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‘We need more innovation, private investment’, says Agric Minister

May 11, 2017, 11:09 AM | Article By: Adam Jobe

The minister of Agriculture has said The Gambia needs to be more innovative and open up to private investors. He made his comments yesterday during the International Agriculture Forum. He said that creating an atmosphere conducive for business means looking at specific tax laws for agriculture and special investment certificates offered by GIEPA, under the Ministry of Trade.

He added that financial institutions and investors need to be comfortable investing in the sector, which he said means understanding the fundamentals of agricultural production and how that can impact the kinds of decisions made.

He continued saying, that they also need these financial institutions to develop targeted products for particular sectors and that farmers, and actors in the agricultural value-chain, also need to understand and appreciate the way financial institutions operate and where their responsibilities lie.

“There are a lot of misconceptions surrounding agriculture; that it is risky and that farmers aren’t credit-worthy,” he said.

Minister Jallow emphasised that financial institutions, as well as farmer/producer organizations and other agricultural organizations are in the best position to identify the financial needs of farmers and other agricultural stakeholders in a climate-smart, agriculture, value-chain system targeted at improving the sector.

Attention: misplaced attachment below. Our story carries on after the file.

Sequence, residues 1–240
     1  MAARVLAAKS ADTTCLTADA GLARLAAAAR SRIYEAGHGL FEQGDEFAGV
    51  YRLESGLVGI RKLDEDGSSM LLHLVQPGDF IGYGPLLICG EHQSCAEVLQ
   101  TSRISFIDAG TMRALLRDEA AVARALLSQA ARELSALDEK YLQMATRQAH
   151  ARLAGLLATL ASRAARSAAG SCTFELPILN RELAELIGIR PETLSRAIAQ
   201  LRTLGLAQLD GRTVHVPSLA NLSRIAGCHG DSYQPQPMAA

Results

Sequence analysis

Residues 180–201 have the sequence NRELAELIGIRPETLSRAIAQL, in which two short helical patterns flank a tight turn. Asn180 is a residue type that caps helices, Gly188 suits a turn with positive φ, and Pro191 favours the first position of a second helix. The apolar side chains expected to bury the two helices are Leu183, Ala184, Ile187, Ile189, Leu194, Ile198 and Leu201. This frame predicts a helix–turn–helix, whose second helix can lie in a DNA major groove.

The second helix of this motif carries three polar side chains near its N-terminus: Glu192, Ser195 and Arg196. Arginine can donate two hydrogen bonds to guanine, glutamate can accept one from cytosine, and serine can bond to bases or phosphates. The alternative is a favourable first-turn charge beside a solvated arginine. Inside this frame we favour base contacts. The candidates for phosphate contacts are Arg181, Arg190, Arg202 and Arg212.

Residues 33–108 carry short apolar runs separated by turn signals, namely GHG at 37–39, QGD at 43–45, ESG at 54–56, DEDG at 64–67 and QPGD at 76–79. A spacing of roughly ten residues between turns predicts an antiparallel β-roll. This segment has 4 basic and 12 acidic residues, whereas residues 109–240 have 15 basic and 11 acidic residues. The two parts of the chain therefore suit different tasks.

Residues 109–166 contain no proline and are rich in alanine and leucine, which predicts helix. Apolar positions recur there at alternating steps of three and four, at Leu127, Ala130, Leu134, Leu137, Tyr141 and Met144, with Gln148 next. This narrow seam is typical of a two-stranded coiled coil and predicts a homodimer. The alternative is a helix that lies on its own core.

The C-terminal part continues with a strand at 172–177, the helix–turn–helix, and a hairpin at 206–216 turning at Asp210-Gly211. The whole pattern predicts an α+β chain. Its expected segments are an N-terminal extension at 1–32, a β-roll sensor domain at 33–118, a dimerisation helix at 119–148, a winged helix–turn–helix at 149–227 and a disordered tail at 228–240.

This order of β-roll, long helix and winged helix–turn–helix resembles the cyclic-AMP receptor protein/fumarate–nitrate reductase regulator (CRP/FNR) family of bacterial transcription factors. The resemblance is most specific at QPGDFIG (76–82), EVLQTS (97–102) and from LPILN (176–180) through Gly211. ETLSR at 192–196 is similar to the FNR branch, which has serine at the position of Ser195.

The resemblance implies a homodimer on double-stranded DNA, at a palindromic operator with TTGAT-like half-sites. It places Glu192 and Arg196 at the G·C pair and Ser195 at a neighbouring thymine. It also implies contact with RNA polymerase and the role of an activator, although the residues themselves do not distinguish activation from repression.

He underscored the importance of agriculture to the socio-economic health of The Gambia and said that it should follow that the government needs to invest heavily in the sector.

He encouraged the private sector, especially the financial sector, to recognize the importance of agricultural financing. Hon. Jallow applauded the government for its long term investment strategy in the sector, without the expectation of return on the investment in the short term.

He went on to note that agricultural growth and performance has been fluctuating over the decades partly due to the predominance of subsistence, rain-fed agriculture for food crop production like millet, maize and rice, semi-intensive cash crop production like groundnuts, cotton and horticulture and traditional livestock rearing with little diversification and value addition.

He added that the GNAIP considers the need to transform the agriculture and national resource sectors from subsistence to a more commercial orientation focusing on the smallholders as the main pathway to sustainable development, as a national priority.

“This should have been achieved by capitalizing and accelerating growth in potentially fast growing subsectors such as horticulture and coarse grains and by increasing rice productivity for enhanced food security, income generation and import substitution,” he emphasised.